Crater of Diamonds

Iconic Communities, On the Road
on September 10, 2000

Marshall Rieff first hunted precious gems in the finders keepers Crater of Diamonds State Park while on a camping trip with his father at age 12 and quickly learned that digging for diamonds is a delightfully dirty jobone that quickly coats prospectors in the fields sticky olive-green soil.

Rieff, now a 43-year-old plant supervisor in Fayetteville, Ark., often has heard the siren that warbles over the diamond field with each discovery of a precious stone. The siren recently blasted for him when he found a 5.5-carat white diamond, whose value has not been determined.

Two-thirds of it is so clear you can see through it, Rieff says. It just took hours for my heart to slow down once I found it. Rieff actually has found dozens of diamonds over the years. One day, 23 of them turned up in just four buckets of dirt.

The only thing that tickles me more than finding a diamond is the look on peoples faces when they find one themselves, he says.

Few are as lucky as Rieff. Still, more than 70,000 diamonds have been excavated since 1906 at the state park, which surrounds an ancient volcanic crater near Murfreesboro, 56 miles southwest of Hot Springs. Treasure hunters discover about two to three diamonds daily, including a 2.25-carat rock a high school freshman took home from spring break last March.

Thats bigger than the first one found, a 1.5-carat yellow diamond that a barely literate farmer named John Huddleston unearthed 94 years ago while spreading rock salt on his hog farm in the crater. Then he noticed another glittering stone nearby, this one a 3-carat white beauty.

Park exhibits explain how the diamonds got here. During the Age of Reptiles 95 million years ago, a volcanic eruption blasted this lode of minerals from 70 miles below the earths surface. It formed a 35-acre crater filled with volcanic rock that quickly broke down into the sticky greenish soil studded with minerals, including garnets, amethysts, and diamonds. Park workers often plow the crater floor to churn up fresh soil and rocks.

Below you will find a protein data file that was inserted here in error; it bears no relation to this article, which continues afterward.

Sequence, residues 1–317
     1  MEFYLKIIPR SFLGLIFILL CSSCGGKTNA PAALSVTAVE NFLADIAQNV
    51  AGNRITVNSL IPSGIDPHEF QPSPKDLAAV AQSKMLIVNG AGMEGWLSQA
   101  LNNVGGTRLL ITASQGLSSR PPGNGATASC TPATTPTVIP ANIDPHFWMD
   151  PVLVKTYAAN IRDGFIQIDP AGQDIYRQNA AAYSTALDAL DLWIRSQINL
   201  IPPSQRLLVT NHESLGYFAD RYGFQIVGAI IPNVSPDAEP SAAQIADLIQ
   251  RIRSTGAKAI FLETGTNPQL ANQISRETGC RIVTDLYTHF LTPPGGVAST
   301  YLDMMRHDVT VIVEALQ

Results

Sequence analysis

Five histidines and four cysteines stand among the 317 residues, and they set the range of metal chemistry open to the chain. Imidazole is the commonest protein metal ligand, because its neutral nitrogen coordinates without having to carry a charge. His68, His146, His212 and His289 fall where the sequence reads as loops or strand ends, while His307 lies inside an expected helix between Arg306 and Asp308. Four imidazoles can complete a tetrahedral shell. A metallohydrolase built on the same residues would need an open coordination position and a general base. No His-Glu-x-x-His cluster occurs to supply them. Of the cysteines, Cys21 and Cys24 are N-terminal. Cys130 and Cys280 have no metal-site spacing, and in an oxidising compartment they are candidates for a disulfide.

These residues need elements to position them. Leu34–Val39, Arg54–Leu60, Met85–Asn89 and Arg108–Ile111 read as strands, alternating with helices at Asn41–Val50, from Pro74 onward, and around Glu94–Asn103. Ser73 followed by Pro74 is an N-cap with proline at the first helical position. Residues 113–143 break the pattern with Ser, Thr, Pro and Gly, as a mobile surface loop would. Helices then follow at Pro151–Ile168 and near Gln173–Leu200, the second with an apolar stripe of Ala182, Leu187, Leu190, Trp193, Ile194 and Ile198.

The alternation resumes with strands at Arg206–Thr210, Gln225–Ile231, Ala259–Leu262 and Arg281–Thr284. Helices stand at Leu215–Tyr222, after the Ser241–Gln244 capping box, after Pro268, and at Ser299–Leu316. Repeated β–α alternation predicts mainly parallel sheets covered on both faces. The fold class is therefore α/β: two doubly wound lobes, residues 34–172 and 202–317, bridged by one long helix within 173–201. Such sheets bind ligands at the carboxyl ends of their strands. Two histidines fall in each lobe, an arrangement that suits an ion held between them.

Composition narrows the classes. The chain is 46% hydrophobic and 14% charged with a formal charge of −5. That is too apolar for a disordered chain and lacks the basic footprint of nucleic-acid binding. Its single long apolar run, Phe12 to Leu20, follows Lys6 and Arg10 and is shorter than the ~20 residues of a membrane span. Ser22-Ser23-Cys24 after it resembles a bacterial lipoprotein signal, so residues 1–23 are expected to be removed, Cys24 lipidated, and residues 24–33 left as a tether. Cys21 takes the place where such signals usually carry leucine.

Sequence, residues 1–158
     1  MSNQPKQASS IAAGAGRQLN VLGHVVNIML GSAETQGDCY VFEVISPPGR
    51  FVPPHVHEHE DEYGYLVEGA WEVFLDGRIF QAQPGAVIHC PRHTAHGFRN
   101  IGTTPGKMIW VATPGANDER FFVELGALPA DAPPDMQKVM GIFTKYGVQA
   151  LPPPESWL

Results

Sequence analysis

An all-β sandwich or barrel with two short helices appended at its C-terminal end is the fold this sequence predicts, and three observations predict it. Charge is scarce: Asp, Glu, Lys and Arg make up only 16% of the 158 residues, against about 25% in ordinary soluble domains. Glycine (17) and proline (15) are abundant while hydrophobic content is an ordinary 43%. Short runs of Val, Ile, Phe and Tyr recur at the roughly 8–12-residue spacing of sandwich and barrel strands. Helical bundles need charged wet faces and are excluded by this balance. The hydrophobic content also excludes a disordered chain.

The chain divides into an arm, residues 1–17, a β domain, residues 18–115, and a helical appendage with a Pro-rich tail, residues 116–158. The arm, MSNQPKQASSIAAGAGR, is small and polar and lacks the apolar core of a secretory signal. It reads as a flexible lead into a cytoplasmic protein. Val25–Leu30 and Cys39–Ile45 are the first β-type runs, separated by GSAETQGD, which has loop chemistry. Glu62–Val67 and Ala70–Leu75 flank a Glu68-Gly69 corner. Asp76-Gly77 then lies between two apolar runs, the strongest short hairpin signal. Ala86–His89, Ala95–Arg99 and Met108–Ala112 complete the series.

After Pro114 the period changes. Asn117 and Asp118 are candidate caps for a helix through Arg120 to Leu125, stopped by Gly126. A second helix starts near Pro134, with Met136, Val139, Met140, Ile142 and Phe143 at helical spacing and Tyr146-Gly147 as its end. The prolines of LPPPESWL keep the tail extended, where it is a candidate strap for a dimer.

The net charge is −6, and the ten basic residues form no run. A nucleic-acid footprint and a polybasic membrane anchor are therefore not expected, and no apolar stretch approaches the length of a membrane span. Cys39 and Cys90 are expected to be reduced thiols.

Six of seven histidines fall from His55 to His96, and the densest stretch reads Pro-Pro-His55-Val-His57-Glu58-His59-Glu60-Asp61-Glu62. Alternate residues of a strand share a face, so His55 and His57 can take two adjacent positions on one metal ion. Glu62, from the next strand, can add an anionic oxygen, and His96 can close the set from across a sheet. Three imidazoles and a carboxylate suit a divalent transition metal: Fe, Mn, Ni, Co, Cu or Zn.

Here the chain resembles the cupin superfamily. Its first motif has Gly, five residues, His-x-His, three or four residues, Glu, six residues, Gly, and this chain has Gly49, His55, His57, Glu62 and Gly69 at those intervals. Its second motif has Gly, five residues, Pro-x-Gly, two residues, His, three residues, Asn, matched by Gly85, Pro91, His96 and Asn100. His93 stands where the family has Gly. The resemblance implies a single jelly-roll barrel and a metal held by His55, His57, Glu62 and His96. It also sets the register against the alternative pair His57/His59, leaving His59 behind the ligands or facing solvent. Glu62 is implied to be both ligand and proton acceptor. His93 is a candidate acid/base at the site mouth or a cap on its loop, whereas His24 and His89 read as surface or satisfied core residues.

Exhibits also show uncut diamonds of various colors and qualities and describe how to tell them from quartz, calcite, and glittery mica.

Diamonds are usually small and well-rounded with an average size about that of a kitchen match head. A diamond will be shiny, and you cannot scratch its surface with a key or other metal object as you can a piece of quartz. Its color may be yellow, brown, or white, and its value is determined by the four cs: cut, color, clarity, and carat weight.

Park staff will identify, weigh, and certify diamonds, as well as demonstrate digging techniques.

The largest uncut stone discovered at Crater of Diamonds was the Uncle Sam at 40.23 carats, found in 1924. A 3.3-carat diamond that Arkansan Shirley Strawn found in 1993 may be the finest stone turned up here. After the internationally known diamond-cutters, Kaplan & Sons in New York City, recently cut the flawless diamond perfectly into a 58-faceted surface, the Gemological Institute of America certified it at the top rating possible for its cut, color, and clarityworth about $35,000.

Thats a little less than Huddleston received for his farmwhich included part of the diamond-bearing formationsoon after his find. The rest of the crater was owned by M.M. Mauney, the first to charge visitors a fee to hunt diamonds.

Through the decades, the property changed hands with various attempts at commercial mining, marked by a weathered wooden mine shaft built by Austin Millar in the 1910s. In 1972, the state bought the land from General Earth Minerals of Dallas, and tests two years ago confirmed that the crater doesnt yield enough diamonds for profitable mining.

That suits Rieff and other prospectors just fine.

To me, its like an adventure every time, he says. Remember how excited you got when you were a kid the night before you were going somewhere? Its that same way every single time I go.